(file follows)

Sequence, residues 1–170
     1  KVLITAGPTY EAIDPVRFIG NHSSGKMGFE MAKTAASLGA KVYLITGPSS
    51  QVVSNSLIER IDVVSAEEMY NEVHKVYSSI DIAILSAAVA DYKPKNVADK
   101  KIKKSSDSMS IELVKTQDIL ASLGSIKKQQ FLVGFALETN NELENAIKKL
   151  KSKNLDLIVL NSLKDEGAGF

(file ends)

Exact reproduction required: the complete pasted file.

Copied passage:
Sequence, residues 1–170
     1  KVLITAGPTY EAIDPVRFIG NHSSGKMGFE MAKTAASLGA KVYLITGPSS
    51  QVVSNSLIER IDVVSAEEMY NEVHKVYSSI DIAILSAAVA DYKPKNVADK
   101  KIKKSSDSMS IELVKTQDIL ASLGSIKKQQ FLVGFALETN NELENAIKKL
   151  KSKNLDLIVL NSLKDEGAGF